I’m thankful that I can’t cook a turkey tonight because Ali won’t eat it because if I cook a ham she will!  A couple of years ago, I couldn’t have cooked a Thanksgiving meal for Ali unless I wanted to puree it and put it through her G-tube and it’s the best feeling in the world to have that all behind us.  I’m also thankful for my slap chop and my magic bullet because we’re still working on the whole chewing thing.

I’m thankful that I have to give Ali a needle tonight.  Partly because saying, “Bend over so I can stick this needle in your butt!” never gets old and always makes her giggle and partly because the alternative was to continue to fight for a medication that we thought she needed but may never get.  I worried about getting this medication for over a year and about her health and safety because she didn’t have what I thought she needed.  I’m thankful that I live in a province where this medication is readily available to us and where we don’t have to sell our house to pay for it (because some people do).  I have a real love hate relationship with this medication.  It scares the hell out of me but at the same time, it gives me peace of mind and I’m thankful for the peace of mind and the fear, they both help us make the right decisions for Ali.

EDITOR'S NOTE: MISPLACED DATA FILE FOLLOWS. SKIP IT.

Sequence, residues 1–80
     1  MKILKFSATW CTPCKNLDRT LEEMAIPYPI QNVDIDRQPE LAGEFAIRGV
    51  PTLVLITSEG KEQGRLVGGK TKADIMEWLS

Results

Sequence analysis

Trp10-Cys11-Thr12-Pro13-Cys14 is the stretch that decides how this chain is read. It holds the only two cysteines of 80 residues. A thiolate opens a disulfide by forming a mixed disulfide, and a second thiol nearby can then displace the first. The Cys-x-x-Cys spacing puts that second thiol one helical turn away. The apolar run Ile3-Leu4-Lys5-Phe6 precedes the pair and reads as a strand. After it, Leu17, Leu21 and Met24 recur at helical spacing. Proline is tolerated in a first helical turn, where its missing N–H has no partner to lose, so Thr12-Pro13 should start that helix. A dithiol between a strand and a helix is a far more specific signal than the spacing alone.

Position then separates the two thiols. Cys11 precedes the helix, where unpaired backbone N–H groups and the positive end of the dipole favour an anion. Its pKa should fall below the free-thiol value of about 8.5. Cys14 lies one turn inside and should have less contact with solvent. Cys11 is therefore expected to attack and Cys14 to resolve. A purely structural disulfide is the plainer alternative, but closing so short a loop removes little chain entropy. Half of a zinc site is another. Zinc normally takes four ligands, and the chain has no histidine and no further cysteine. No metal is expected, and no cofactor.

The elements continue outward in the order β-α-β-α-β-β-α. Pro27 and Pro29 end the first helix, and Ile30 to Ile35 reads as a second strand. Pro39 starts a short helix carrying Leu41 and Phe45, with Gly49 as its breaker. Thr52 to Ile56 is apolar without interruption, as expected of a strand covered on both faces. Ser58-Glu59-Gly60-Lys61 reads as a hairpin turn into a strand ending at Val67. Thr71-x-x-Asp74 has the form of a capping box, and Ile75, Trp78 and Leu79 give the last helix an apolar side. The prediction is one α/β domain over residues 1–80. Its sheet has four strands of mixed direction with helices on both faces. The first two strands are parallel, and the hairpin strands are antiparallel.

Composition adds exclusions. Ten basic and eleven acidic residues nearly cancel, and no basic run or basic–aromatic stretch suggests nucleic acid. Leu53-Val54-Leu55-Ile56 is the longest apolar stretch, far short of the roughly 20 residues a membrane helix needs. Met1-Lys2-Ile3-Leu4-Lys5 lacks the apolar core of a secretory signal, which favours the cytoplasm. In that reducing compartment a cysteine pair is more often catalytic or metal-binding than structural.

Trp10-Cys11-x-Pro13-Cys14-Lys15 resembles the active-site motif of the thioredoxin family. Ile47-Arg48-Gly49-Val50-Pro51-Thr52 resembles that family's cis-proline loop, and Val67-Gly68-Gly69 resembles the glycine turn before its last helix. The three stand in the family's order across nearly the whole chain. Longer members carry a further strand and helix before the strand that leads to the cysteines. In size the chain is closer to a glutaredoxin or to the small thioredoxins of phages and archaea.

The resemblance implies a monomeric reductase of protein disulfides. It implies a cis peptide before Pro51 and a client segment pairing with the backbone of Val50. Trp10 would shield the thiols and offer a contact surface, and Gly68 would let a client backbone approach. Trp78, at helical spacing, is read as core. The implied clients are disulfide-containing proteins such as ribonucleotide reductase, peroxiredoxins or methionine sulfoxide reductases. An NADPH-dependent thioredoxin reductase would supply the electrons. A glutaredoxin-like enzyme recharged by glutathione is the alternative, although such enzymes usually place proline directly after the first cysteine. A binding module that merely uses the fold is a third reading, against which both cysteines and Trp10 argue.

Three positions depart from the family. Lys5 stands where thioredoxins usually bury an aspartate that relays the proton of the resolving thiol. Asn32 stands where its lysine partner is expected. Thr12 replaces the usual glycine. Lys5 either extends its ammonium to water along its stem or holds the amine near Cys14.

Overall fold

I’m thankful for Costco and their huge bulk packs of cheese strings, Laughing Cow Cheese and yogurt drinks!  Ali takes forever to feed but give her a yogurt drink and a “Cow Cheese” and she’s like a high end vacuum!  Madi likes to point out that she actually chews so doesn’t need Ali’s beloved “Cow Cheese”, so cheese strings by the hundred it is!

I’m so, so thankful for OT, PT, SLP and VT.  As much as I dread spreading pudding all over my own face to show Ali how fun it is or curse them when Ali tells her sister to “Shut Up” or compliments me on my “Boobs and Butt”, they are a huge part of the reason that Ali is who she is today.   Early intervention changes the type of adult that children like Ali become and there is nothing more valuable than having a good team behind your child.

I`m thankful that I can now submit my FSCD claim on line…enough said!